Alternative to Windows Media Center – Watch My Movies

Diana Joan

Sep 09, 2016 05:41 am / Posted by Diana Joan | Categories: Alternative, Hot Topics

Microsoft has announced that after a dozen years, it would no longer include support for Windows Media Center (WMC) in Windows 8/10. To get it, you can upgrade to Windows 8 Pro and purchase the Media Center Pack. And Windows 10 doesn’t have it at all.If you’re using Windows 8 or 10 and don’t want to buy two separate upgrades just to use a program that once came standard with Windows, you can try one of these alternative media center applications for your HTPC.

Windows Media Center

PC-based WMC alternatives

Kodi/XBMC now runs on a great variety of operating systems and hardware. It supports ARM and Intel processors, Windows, OS X, and several shades of Linux. There’s even the Linux variant OpenElec, a purpose-built version of Linux for running Kodi that’s light enough to run on a Raspberry Pi. With all the ports available, Kodi can run on old hardware (with some limitations on performance), like the first generation Apple TV, and newer boxes like Amazon Fire TV and the current Apple TV. Part of the beauty of Kodi is that it can run in this hardware while coexisting with the original software. Among its long feature set, Kodi even supports Apple’s AirPlay, albeit in a reverse-engineered way that doesn’t work with protected content like Netflix.

Plex is a fork of the original XBMC open source project that first became available in 2009. Originally finding traction on the Mac as a media server, it has since been extended to Windows and Linux. It consists of the free Plex Media Center, and various clients that now include Windows, OS X, iOS, Android, Xbox, Roku, and Smart TVs from Vizio, LG, and Samsung. Like Kodi, the Plex Media Center automatically organizes photos, movies, and TV shows, and can present media on various clients with a 10-foot interface – and mobile devices too. It does not support DVR or live TV capability.  Despite the product’s original open-source roots, Plex is a commercial startup that raised $10 million in 2014 from Kleiner Perkins. While very useful parts of it are free, there are paid features that extend the functionality to mobile and other devices. Among the Plex Pass features ($39.99 annually or $149.99 for life) are cloud syncing, free apps, multiple user account management, Gracenote music metadata, and Vevo music videos.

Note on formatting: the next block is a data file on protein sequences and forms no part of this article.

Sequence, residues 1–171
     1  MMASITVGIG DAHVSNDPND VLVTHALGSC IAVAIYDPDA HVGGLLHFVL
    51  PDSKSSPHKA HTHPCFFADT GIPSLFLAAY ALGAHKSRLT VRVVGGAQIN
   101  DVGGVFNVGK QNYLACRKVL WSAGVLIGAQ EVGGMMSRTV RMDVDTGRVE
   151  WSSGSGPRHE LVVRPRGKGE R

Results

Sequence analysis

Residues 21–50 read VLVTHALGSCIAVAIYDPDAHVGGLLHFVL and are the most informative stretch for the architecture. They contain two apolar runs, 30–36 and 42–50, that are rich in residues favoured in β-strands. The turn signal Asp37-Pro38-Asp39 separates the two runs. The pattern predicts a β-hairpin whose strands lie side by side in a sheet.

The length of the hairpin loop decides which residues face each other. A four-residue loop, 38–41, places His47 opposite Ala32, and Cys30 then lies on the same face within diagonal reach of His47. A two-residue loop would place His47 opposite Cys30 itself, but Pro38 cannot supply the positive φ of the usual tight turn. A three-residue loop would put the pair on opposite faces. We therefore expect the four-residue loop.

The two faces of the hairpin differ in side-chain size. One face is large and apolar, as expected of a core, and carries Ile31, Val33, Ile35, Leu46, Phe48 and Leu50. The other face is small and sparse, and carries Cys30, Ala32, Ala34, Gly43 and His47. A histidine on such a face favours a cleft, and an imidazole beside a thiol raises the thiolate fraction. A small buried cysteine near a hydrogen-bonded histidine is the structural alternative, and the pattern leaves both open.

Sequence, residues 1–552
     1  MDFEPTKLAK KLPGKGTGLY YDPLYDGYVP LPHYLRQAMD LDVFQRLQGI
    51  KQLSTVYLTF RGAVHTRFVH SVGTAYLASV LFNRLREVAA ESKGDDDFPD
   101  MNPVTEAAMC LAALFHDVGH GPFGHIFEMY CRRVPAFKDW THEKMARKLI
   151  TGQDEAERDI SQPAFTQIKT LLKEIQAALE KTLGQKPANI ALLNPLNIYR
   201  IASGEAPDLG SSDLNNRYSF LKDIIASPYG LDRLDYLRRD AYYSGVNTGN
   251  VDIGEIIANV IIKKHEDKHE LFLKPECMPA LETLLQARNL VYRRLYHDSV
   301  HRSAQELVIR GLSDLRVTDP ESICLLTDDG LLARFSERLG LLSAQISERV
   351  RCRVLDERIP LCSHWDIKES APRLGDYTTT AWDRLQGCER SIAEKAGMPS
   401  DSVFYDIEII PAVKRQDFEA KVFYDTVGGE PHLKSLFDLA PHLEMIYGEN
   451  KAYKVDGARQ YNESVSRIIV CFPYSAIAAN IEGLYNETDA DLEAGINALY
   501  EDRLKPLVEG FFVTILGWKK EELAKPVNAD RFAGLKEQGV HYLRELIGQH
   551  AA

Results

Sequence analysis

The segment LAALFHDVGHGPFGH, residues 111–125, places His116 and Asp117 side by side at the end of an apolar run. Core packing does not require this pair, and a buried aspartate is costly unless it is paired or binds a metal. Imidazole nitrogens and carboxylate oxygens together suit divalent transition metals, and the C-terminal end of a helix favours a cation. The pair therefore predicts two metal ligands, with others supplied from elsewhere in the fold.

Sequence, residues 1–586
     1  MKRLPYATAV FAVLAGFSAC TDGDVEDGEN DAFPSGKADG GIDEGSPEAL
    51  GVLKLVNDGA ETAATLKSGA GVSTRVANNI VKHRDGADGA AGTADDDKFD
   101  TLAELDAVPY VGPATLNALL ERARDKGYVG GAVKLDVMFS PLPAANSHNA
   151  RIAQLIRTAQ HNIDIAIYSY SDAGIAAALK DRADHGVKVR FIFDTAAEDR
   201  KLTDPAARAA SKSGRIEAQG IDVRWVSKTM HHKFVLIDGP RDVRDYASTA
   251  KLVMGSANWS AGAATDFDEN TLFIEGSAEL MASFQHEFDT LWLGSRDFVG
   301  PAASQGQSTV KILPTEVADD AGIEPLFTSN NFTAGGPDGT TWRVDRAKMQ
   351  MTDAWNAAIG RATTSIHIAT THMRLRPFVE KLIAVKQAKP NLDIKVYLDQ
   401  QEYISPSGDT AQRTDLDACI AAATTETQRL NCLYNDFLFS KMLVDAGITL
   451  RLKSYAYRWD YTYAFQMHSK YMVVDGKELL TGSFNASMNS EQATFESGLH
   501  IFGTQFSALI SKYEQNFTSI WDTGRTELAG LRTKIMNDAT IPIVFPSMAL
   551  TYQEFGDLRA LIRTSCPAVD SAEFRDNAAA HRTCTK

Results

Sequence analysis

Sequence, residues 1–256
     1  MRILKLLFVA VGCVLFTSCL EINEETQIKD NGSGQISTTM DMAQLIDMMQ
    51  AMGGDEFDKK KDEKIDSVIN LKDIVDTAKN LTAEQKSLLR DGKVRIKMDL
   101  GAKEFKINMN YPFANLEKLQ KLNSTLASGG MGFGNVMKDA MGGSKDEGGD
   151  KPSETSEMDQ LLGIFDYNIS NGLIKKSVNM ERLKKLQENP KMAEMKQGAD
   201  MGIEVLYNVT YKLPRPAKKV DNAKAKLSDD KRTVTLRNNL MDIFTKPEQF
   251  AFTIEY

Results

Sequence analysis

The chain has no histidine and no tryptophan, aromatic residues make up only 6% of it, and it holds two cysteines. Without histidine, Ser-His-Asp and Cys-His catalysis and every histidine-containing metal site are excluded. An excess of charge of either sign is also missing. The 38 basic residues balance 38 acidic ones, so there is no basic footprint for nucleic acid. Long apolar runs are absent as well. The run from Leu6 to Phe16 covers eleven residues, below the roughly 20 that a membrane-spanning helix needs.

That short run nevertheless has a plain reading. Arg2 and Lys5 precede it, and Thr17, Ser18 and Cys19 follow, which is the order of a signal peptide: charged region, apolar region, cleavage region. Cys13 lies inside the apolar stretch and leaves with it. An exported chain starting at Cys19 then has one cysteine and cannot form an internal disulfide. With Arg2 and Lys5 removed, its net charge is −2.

MediaPortal is another free open source media center, but this one is exclusively for Windows. It is designed to be a relatively lightweight application that can run on lower powered Windows machines. It has a clean 10 foot interface and works out of the box with remote controls designed for Windows Media Center. If you bought a Windows media PC in the past decade, you may have one floating around your house. Similar to Kodi, MediaPortal organizes all your music, video, and photo content and can add metadata for commercial content. It can play DVDs and Blu-rays, and virtually any content format. It also has built-in DVR functionality when paired with a PC tuner. It also has a plug-in architecture and skins, but there is not as much available in this regard as there is for Kodi.

JRiver MC is a mature media player that has a long history. Like the others, it can play and organize all kinds of media formats. It distinguishes itself in a few ways from others. MC has very extensive tweaking capability for audio, and is prized by audiophiles for the ability to extract the best sound quality from music on Windows, usually feeding an external DAC or a high-end sound card. It is paid software, but does have a free trial period. Unlike some others, JRiver has a normal full desktop Windows interface along with a 10foot interface that works with WMC remotes. On the video side, they have also curated the codecs to make it easy to play just about any combination of stereo and surround audio with movies. It also supports TV tuners and DVR capability.

WMC Replacement on Game Consoles

Both the Xbox 360 and Xbox One have a large amount of the mainstream media streaming services like Netflix and Hulu built in. While they can stream local content over the network or play it from an attached drive, they are more limited in the audio and video formats they support directly. However, if you run a DLNA server on your network, these devices can handle content formats they may not support through server transcoding. Kodi and Plex offer that, and there are many more specific DLNA servers, free and paid.Or you can transcode the video to PS4/PS3 and Xbox One/360 supported video and audio format with some video converters and then stream the video on game console via USB.

Have you tried any these Windows Media Center replacements? Perhaps you know of another? Tell us all about it in the comments.

Note: For media entertainment users, the media players with Windows 10 is still not powerful enough to play every media files we throw to it, you can use Video Player for Windows – Pavtube Video Converter Ultimate to convert all SD, HD, 4K video, H.265, even Blu-ray and DVD video to Windows 10 compatible file formats. If you want to learn more functions of Pavtube Video Converter Ultimate, please read its review.

Free download and install 

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